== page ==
We are not the first court to consider whether parties aggrieved by an NDA holder’s Orange Book listings have any remedy. Generic drug manufacturers have brought suits against NDA holders to compel them to delist certain patents on the ground that the patents did not claim the approved drug under the statutory criteria in §§ 355(b)(1) and (c)(2). It is now well established, however, that “a generic drug manufacturer cannot bring a declaratory judgment action or an injunctive action against a NDA holder under either the FFDCA or the patent laws requiring it to take steps to `delist’ a patent from the Orange Book.” Andrx Pharm., Inc. v. Biovail Corp., 276 F.3d 1368, 1373-74 (Fed. Cir. 2002). If a generic manufacturer cannot sue an NDA holder to compel delisting of a patent, it follows that a third-party patentee cannot sue an NDA holder to compel listing of a patent. This is why aaiPharma has brought suit against the
FDA rather than against Lilly. The Federal Circuit, however, has acknowledged that a party aggrieved by an NDA holder’s Orange Book listing could properly bring a lawsuit under the APA raising a challenge to the FDA’s practice of “refusing to inquire into the correctness of [an Orange Book] listing.” Id. at 1379 n. 8. This is that case.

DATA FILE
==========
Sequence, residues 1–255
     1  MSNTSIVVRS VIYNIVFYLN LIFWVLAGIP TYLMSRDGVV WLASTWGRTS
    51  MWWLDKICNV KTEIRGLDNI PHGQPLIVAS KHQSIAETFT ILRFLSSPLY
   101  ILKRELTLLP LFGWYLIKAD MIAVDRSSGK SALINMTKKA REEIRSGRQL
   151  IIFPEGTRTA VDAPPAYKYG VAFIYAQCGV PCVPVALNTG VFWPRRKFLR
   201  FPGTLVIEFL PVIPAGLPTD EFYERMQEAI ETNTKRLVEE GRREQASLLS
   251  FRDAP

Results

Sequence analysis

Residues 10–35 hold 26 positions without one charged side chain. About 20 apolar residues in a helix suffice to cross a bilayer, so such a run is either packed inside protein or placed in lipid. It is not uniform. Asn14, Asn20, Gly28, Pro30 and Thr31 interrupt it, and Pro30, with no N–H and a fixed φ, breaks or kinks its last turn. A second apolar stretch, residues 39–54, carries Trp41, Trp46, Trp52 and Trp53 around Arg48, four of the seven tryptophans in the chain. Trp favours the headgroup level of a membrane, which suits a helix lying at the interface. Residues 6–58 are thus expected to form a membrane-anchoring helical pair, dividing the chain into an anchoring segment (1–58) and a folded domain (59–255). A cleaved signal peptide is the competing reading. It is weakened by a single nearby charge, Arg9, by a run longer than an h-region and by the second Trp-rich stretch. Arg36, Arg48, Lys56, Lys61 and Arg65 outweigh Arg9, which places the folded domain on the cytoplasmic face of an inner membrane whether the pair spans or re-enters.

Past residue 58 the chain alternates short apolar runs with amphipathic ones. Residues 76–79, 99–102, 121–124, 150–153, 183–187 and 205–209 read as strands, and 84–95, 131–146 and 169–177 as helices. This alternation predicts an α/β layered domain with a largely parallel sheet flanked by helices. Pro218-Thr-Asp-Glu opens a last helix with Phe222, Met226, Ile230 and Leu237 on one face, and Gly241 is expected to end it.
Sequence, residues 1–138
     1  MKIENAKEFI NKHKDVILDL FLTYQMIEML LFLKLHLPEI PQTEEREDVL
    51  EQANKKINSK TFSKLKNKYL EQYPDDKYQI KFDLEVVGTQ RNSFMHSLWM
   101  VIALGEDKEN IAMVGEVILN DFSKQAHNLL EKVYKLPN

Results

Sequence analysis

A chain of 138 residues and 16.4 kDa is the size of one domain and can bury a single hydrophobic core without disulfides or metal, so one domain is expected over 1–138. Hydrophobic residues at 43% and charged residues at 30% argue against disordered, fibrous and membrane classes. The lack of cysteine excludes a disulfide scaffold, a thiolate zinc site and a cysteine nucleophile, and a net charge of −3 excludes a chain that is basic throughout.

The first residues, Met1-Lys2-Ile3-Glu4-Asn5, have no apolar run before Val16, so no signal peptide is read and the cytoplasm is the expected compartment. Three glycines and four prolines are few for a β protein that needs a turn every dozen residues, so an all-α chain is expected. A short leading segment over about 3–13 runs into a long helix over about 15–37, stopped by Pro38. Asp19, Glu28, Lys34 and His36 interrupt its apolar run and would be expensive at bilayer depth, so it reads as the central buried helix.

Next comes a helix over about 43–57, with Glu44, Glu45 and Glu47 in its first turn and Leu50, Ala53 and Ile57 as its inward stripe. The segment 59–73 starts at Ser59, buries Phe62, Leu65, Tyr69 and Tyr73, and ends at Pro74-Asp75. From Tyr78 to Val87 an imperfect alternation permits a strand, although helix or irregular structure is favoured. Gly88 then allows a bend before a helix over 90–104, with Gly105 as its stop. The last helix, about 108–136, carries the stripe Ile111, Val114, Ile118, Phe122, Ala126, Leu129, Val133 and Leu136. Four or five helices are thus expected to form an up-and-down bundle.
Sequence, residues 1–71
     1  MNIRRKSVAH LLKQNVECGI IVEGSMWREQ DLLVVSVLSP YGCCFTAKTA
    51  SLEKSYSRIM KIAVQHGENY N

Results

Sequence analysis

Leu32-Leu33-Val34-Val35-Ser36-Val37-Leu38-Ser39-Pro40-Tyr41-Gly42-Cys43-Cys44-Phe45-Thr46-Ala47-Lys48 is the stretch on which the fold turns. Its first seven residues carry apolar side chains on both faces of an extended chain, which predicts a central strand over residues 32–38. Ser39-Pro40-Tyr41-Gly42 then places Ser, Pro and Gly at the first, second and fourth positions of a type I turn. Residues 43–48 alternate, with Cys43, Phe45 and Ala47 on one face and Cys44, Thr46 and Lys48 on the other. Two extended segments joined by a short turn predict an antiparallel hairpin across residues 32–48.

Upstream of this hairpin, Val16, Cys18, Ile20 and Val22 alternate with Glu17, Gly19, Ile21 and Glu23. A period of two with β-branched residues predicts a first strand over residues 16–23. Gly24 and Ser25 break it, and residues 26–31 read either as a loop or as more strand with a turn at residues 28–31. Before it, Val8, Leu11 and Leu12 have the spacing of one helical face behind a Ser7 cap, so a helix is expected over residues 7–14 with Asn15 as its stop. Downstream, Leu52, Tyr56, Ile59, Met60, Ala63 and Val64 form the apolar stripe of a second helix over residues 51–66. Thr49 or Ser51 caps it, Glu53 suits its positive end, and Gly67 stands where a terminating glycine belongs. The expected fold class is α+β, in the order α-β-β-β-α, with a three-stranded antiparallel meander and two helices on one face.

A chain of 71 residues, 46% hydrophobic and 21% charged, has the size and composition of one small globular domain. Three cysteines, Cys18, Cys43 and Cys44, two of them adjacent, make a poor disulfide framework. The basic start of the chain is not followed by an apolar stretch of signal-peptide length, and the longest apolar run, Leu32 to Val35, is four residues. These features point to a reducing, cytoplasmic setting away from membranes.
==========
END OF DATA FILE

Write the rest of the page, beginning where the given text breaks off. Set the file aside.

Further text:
The FDA’s policy regarding Orange Book listing disputes is codified in § 314.53(f) of the regulations implementing Hatch Waxman:
Correction of patent information errors. If any person disputes the accuracy or relevance of patent information submitted to the agency under this section and published by the FDA in the list [the Orange Book], or believes that an applicant has failed to submit required patent information, that person must first notify the agency in writing stating the grounds for disagreement. . . . The agency will then request of the applicable new drug application holder that the correctness of the patent information or omission of patent information be confirmed. Unless the application holder withdraws or amends its patent information in response to FDA’s request, the agency will not change the patent information in the list.